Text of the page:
“Air Namibia will never be profitable”. These are the words from an interview with Insight Magazine with Kosmas Egumbo, the then Managing Director of Air Namibia in 2008.
Slightly more than a decade later, these words have never rung truer. Beset by a litany of challenges, the current financial year is certain to be among the worst for the national airline.
With 11 airlines operating in Namibia, aviation experts believe that Air Namibia no longer has a strategic imperative as clients are well served by competitors such as Qatar Airways, South African Airways, British Airways and KLM.
Instead of Air Namibia serving its flying clientele, the airline spends a significant amount of time in judicial matters.
A multi-million dollar court judgement with Challenge Air, an arbitration matter with the company who operates its in-flight magazine, three months behind on servicing the lease agreement with West Air, N$ 500 million dollar debt with the Namibia Airports Company for ground handling and now enters the repossession of aircraft engines by Rolls Royce within the next week.
The national carrier has been leasing four Embraer 135 aircrafts for N$2.6 million monthly, for the last nine years. Two jets are operational with a third jet believed to be cannibalised for parts and a fourth jet which is stationary at the Eros Airport due to a “bird strike”. The Patriot has it on good authority that due a decision which saw a cancellation in insurance payments which were deemed “too expensive”, the cash stripped airline is unable to have the engines repaired. Rolls Royce have confirmed the possibility of “taking these engines off within a week”, unless payment is made for the N$ 83 million dollars currently in arrears. This would effectively render the airline dysfunctional exacerbated by a further debt incurred when the airline leased 4 jets from Namibian aviation company West Air who is believed to be owed funds for three months namely March, April and May 2019.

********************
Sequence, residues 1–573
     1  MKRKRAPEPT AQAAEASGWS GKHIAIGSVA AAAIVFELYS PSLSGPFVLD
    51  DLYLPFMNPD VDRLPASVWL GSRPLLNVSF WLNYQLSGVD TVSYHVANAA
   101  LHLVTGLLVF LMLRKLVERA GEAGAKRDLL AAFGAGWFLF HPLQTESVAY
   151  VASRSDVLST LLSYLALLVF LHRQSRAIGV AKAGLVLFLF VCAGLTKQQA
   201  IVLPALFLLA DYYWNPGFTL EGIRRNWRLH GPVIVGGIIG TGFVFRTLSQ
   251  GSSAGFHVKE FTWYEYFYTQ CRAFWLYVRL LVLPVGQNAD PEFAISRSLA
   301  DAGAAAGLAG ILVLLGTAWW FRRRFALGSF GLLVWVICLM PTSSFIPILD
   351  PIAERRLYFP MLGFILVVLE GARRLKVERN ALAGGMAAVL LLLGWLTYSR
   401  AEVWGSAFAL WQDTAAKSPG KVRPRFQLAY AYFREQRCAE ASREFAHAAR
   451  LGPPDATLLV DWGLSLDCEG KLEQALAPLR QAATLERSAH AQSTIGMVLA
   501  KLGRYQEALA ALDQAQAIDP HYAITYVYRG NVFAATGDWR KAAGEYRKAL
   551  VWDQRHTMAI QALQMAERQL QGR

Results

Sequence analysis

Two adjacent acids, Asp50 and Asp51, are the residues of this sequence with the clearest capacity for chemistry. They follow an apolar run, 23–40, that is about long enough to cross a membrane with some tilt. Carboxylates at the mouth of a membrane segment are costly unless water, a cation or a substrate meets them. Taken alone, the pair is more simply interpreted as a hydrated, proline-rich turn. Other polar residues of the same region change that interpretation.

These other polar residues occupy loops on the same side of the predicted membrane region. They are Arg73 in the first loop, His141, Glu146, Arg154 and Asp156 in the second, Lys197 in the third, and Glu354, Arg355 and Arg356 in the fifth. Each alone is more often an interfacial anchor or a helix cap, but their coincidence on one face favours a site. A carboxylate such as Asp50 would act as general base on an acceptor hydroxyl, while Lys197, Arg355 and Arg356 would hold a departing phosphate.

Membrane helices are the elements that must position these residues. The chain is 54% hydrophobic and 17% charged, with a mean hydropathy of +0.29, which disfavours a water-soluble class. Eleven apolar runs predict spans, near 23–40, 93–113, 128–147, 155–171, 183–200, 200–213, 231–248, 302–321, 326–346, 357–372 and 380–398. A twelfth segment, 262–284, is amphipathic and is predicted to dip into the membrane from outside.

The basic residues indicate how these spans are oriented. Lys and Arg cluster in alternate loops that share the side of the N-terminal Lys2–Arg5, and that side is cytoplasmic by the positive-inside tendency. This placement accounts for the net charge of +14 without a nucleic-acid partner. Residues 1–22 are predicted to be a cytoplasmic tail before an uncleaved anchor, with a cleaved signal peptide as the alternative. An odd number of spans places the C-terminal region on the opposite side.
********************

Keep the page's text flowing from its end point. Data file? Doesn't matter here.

In March this year, The Patriot reported that it has run out of patience with sister company Air Namibia for not paying its dues for landing fees and airport taxes.
The escalating debt stood at almost N$200 million in 2017 according to newspaper reports but now stands at just below N$500 million, an amount that has escalated over the years and never been settled.
it is believed that if Air Namibia had paid the money it owes the airports company, NAC would by now have completed capital projects to improve the infrastructure at Hosea Kutako International Airport, Eros Airport and Ondangwa Airport.
Air Namibia is believed to be using the funds owed to NAC to subsidize its operations, which has a huge negative impact on NAC to perform its statutory function of effectively operating and managing airports.
Enter other carriers
The Patriot has in its possession a copy of a letter which was written to the NAC where other carriers are demanding the ‘same treatment’ as Air Namibia.
Citing unfair treatment, the carriers are now threatening to lodge a complaint with the Namibia Competition Commission.
The demand is “give us the same treatment” highlighting the violation of the Competition Act which is tasked with promoting competitive market conditions through investigation and prosecution of anti-competitive activities. A further headache for the Air Namibia remains the lease of the long haul fleet. Believed to be an agreement signed during the era of Theo Namases as Managing Director, these A 330 planes come at a cost of U$ 450 000 on a monthly basis. No exit clause exist for this agreement and despite Government intervention by Minister Jooste, the “Achilles heel” remains.
In an earlier interview with Jooste, the minister admitted that “the lease agreements are extremely high and they are twelve year lease agreements.
We are in year six now and there is no exit clause to those lease agreements at all.
We are paying in foreign currency so you can imagine,” said the minister.